The Rohilla story


The SS Rohilla was built and launched by Harland and Wolff shipbuilders in Belfast . Although launched on the 6 th September 1906 , shed wasn't delivered to the British Indian Steam Navigation Co. Ltd until 17 November 1906 .

The SS Rohilla was named after Afghan tribes who had sought refuge in India during the 18 th Century. They ere annihilated by the Nawab of Oudh (with the unauthorised help of British troops).

In 1908 the SS Rohilla entered service as a permanent military ship and on the 6 th August 1914 was requisitioned as a Hospital ship and became known as the HMHS Rohilla.

She was immediately refitted with the necessary equipment and all her passenger accommodation became hospital wards. She was also fitted with 2 operating theatres.

On the 16 th August 1914 , the HMHS Rohilla departed from Southampton and sailed to Scappa Flow to start training. Whilst there Prince Albert had developed an appendicitis whilst onboard the HMS Collingwood . Captain David Landles Neilson commanded the HMHS Rohilla. His orders were to transport Prince Albert to Aberdeen where Royal Surgeons would rendezvous with them.

On the 29 th October 1914 , the Rohilla set sail for what would be her last voyage. She began to sail down the East Coast of England. Captain Neilson was unfamiliar with the waters. It was unknown whether there would be enemy submarines or mines in the area.

To make matters worse the weather had started to deteriorate. By the time the Rohilla approached the northern side of Whitby , the weather was blowing gale force.

Albert Jefferies, the Whitby Coastguard saw that the course of the Rohilla was heading directly into the rocky coastline (or “Whitby Rock” as it is called). Jefferies tried to signal the Rohilla using Morse code but did not get a response. The crew aboard the Rohilla had no idea of the dangers that they were travelling towards.

The Rohilla struck the rocks near Saltwick Nab at 4 am 29 October 1914 .

Captain Neilson thought that the ship had hit a mine but he had to make a decision as to how to handle the accident. He could either run the ship aground trying to save as many lives as possible or he could stop the ship and hope that the gale conditions would not prevent a speedy evacuation. He chose to run the ship aground.

Within a few minutes (if that) the ship hit a large rock platform sealing the fate of the ship. She struck the rock with such force that the infrastructure fractured in two places. It would only be a matter of time before the stern part of the ship would collapse into deeper waters.

The coastguard fired rockets to alert the rescue services. Even the Rohilla was only 500 yards away from the shore her position was problematic for the resue services. The gale force winds continued to lash at the ships' side.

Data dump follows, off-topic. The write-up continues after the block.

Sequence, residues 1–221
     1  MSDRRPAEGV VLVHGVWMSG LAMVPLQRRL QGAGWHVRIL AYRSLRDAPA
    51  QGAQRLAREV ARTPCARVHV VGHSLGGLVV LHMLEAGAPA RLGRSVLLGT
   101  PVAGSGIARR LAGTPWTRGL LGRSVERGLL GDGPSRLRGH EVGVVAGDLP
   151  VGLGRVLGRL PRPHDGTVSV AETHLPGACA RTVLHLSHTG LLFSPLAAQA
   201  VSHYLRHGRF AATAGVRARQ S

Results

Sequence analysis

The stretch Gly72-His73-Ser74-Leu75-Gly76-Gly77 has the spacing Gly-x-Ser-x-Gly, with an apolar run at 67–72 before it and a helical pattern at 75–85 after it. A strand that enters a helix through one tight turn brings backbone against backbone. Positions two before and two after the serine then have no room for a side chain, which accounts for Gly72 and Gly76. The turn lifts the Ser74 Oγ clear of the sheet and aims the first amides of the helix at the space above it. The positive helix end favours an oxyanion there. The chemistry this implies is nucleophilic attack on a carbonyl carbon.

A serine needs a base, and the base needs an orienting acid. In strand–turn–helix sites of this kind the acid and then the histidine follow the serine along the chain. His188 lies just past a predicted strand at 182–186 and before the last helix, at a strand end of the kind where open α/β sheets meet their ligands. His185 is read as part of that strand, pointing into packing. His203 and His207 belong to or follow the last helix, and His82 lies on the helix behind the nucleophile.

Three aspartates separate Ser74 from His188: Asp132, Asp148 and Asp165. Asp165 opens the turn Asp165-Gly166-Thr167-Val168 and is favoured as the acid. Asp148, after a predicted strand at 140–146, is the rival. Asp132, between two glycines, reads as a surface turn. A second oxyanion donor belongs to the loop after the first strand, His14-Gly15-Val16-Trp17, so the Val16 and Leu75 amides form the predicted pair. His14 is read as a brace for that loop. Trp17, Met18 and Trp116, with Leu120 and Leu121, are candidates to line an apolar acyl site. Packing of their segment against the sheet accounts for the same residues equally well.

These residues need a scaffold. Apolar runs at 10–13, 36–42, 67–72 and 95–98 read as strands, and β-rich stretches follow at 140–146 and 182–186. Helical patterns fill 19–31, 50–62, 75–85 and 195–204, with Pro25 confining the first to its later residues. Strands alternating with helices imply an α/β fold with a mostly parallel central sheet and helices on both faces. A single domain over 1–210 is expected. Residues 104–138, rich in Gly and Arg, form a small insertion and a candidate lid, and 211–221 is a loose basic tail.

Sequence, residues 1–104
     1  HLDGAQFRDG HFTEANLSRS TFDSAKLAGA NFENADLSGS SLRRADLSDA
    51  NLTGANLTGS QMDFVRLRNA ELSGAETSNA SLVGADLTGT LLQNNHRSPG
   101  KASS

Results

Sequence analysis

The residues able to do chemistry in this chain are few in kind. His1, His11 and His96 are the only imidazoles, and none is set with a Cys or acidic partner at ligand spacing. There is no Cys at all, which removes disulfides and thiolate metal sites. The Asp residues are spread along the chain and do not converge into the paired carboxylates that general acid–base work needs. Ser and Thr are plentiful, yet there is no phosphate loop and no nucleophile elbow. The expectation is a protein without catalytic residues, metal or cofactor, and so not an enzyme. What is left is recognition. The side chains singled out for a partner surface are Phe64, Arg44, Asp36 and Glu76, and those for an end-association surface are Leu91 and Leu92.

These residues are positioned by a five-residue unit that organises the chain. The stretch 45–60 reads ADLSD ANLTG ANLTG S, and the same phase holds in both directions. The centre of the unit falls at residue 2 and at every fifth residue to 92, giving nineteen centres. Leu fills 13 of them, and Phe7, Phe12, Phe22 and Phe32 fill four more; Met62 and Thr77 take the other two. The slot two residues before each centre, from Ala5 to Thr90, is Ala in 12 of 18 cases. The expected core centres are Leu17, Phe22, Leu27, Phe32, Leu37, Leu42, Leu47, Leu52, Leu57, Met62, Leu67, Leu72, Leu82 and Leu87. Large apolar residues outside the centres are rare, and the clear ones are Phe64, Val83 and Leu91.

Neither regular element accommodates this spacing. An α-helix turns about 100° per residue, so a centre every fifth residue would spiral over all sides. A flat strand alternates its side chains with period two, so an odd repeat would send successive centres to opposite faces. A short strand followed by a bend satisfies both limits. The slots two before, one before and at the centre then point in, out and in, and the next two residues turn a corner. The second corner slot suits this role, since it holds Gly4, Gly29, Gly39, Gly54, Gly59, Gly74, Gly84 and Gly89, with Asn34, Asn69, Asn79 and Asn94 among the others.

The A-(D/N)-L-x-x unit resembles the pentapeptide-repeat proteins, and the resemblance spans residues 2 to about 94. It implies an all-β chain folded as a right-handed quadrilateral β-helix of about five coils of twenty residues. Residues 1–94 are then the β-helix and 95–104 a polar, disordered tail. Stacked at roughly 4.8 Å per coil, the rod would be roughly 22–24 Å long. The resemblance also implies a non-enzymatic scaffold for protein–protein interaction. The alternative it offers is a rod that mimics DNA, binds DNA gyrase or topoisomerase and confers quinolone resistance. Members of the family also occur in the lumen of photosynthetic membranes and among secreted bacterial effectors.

The Rocket Brigade started the rescue operation. They were equipped with rockets and a Boson's Chair. In rescue operations, a line would be attached to a rocket and fired over the vessel in trouble. The survivors on the Rohilla would have caught the line and tied it to something strong and secure making the line taught. A Boson's chair would be fitted to the line and passengers would be transported one by one to safety. Unfortunately three rockets were fired but failed to reach the Rohilla.

The Rohilla carried 229 people. The rescue attempt had to intensify. The Rohilla was taking quite a pounding from the waves. Survivors were slowly been washed over the side of the ship. If this happened it was very unlikely that they would survive because the choppiness of the waves would dash a person on the rocks killing them instantly. Conventional lifeboats were ineffective because the sea was too rough. It took five and a half hours before one boat reached the doomed ship and rescued 17 people.

A second attempt was made rescuing a further 18 passengers. The lifeboat was severely damaged and was abandoned.

By Friday there were still about 40 passengers onboard the ship. The waves were still pounding the side of the ship. Many locals had gathered on the cliff tops to witness the horrific rescue scent. People were helpless. The poop deck of the Rohilla collapsed into deeper water, out of sight.

On Saturday, the gale continued to rage. The rescue attempt needed a motorised lifeboat. The nearest one was located at Teesside.

The Henry Vernon left Tyneside at 4.15 PM . It had to sail down the coat to Whitby . On Sunday the Henry Vernon arrived on the scene and rescued the remaining passengers still stuck on the ship.


The Rohilla Inquest

  The jury found that in the light of the storm, absence of lights and usual safeguards, Captain Neilson was not responsible for the disaster. However, it was never explained why the ship was seven miles off course.

The jury recommended that passenger liners should be supplied with rocket apparatus so that the stricken ship could fire the line to the shore almost guaranteeing being picked up by rescuers.

The jury also recommended that a motorised lifeboat should be provided for Whitby .



  © TPD Turner 2001-2006